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BY WAY OF INTRODUCTION Instructed in the autumn of 1912 to join the Bulgarian army, then mobilising for war against Turkey, as war correspondent for the London Morning Post, I made my preparations with the thought uppermost that I was going to a cut-throat country where massacre was the national sport and human life was regarded with no sentimental degree of respect. The Bulgarians, a generation ago, had been paraded before the eyes of the... more...

CHAPTER I. IMPRESSIONS OF ST. PETERSBURG. I landed at St. Petersburg with a knapsack on my back and a hundred dollars in my pocket. An extensive tour along the borders of the Arctic Circle was before me, and it was necessary I should husband my resources. In my search for a cheap German gasthaus I walked nearly all over the city. My impressions were probably tinctured by the circumstances of my position, but it seemed to me I had never seen so... more...

CHAPTER I THE MARKET-PLACE AND BELFRY—EARLY HISTORY OF BRUGES Every visitor to 'the quaint old Flemish city' goes first to the Market-Place. On Saturday mornings the wide space beneath the mighty Belfry is full of stalls, with white canvas awnings, and heaped up with a curious assortment of goods. Clothing of every description, sabots and leathern shoes and boots, huge earthenware jars, pots and pans, kettles, cups and saucers, baskets,... more...

EXPLANATION. If nearly Forty Years' Residence in the Isle of Wight may be allowed in some degree to qualify an Artist for the office of Guide, the Author has a fair claim to public patronage,—for few could have had better opportunity of acquiring local information. He has endeavoured to render The Picture an intelligent Cicerone, without being too garrulous or grandiloquous,—but always attentive to the stranger, leading him to every... more...

CHAPTER XXXI. THE BURIED CITY OF POMPEII They pronounce it Pom-pay-e. I always had an idea that you went down into Pompeii with torches, by the way of damp, dark stairways, just as you do in silver mines, and traversed gloomy tunnels with lava overhead and something on either hand like dilapidated prisons gouged out of the solid earth, that faintly resembled houses. But you do nothing the kind. Fully one-half of the buried city, perhaps, is... more...


CHAPTER I. For months the great pleasure excursion to Europe and the Holy Land was chatted about in the newspapers everywhere in America and discussed at countless firesides. It was a novelty in the way of excursions—its like had not been thought of before, and it compelled that interest which attractive novelties always command. It was to be a picnic on a gigantic scale. The participants in it, instead of freighting an ungainly steam... more...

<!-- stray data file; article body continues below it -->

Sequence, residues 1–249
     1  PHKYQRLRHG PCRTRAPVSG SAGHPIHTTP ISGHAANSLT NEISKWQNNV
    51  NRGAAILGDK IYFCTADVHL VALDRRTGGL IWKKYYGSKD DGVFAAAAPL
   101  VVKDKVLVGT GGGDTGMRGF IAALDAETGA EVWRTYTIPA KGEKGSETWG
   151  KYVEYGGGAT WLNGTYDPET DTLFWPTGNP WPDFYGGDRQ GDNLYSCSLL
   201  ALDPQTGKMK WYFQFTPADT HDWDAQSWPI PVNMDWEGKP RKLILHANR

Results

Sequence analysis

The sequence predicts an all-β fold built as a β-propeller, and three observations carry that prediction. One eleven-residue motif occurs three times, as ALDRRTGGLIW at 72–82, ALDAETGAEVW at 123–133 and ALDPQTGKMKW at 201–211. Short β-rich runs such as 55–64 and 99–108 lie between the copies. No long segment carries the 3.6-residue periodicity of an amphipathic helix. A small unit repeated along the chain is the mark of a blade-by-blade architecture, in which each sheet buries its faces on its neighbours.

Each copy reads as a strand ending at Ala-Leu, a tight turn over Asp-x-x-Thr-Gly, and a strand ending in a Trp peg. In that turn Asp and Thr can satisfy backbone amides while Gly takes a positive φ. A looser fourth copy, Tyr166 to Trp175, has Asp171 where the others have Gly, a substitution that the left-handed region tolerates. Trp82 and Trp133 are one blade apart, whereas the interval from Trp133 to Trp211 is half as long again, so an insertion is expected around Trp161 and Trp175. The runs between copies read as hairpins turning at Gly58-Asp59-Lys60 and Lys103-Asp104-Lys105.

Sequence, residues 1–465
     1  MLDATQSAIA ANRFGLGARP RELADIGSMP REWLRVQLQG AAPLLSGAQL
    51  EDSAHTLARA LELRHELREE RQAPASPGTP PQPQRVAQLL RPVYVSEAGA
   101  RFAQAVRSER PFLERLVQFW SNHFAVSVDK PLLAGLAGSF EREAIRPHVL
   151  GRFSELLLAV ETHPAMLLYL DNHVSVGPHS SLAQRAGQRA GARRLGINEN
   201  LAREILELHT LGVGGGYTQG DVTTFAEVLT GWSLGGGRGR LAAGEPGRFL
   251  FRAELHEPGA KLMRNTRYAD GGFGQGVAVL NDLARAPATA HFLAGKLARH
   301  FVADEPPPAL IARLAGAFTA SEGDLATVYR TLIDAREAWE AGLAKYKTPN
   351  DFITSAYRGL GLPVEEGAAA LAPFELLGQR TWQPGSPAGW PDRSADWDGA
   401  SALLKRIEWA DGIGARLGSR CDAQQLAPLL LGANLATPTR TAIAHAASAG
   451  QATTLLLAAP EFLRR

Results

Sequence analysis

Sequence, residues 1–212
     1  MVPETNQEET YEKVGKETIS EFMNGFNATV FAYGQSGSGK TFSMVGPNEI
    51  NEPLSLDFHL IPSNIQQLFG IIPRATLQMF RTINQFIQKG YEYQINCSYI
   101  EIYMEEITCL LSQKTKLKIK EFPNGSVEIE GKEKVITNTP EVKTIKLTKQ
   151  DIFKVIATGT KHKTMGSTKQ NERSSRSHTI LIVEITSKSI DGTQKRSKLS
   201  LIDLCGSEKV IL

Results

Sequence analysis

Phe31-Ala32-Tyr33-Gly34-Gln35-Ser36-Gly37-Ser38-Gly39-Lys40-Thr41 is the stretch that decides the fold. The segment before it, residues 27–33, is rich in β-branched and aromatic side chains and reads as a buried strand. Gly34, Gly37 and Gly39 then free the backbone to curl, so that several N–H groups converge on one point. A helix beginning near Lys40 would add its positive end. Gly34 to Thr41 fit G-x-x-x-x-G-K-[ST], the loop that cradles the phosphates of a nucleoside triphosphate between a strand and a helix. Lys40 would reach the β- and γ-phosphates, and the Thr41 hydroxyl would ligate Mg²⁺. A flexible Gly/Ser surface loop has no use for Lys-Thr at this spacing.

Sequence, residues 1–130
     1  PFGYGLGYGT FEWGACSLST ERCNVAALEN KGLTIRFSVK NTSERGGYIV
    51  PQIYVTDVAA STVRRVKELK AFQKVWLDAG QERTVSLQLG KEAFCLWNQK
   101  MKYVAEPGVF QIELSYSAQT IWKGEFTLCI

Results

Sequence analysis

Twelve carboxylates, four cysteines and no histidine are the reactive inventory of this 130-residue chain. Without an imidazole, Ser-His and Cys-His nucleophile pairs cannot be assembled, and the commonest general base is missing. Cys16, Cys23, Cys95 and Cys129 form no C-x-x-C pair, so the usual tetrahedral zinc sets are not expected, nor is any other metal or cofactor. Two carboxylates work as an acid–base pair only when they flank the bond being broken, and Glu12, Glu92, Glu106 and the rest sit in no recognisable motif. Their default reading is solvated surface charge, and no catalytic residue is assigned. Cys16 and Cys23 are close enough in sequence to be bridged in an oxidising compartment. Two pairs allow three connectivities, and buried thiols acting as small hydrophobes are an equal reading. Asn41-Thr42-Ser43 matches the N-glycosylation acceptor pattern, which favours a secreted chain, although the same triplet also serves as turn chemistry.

CHAPTER I THE PILGRIMS' WAY The Pageant of the Road.—Canterbury Pilgrims.—Henry II. barefoot.—Choosing the Road.—Wind on the Hill.—Wine in the Valley.—Pilgrim's Progress.—Shalford Fair.—A doubtful Mile.—Trespassers will be Prosecuted.—With Chaucer from the Tabard. East and west through the county of Surrey runs the chalk ridge of the North Downs, the great highway of Southern... more...

PREFACE It is probable that every book contains, besides misprints, some statements which the author would be glad to modify if he could.  In Chapter V of Diversions in Sicily it is stated that the seating arrangements of the marionette theatre in Catania would be condemned by the County Council, which I believe to be correct, but, on visiting the theatre since, I find I was wrong in saying that there are no passages; I did not see them on... more...

CHAPTER I. Torr Abbey.—Cap of Liberty.—Anecdote of English Prejudice.—Fire Ships.—Southampton River.—Netley Abbey. It was a circumstance, which will be memorable with me, as long as I live, and pleasant to my feelings, as often as I recur to it, that part of my intended excursion to the Continent was performed in the last ship of war, which, after the formal confirmations of the peace, remained, of that vast... more...

CHAPTER I ACROSS THE REDEEMED LANDS It is unwise, generally speaking, to write about countries and peoples when they are in a state of political flux, for what is true at the moment of writing may be misleading the next. But the conditions which prevailed in the lands beyond the Adriatic during the year succeeding the signing of the Armistice were so extraordinary, so picturesque, so wholly without parallel in European history, that they form a... more...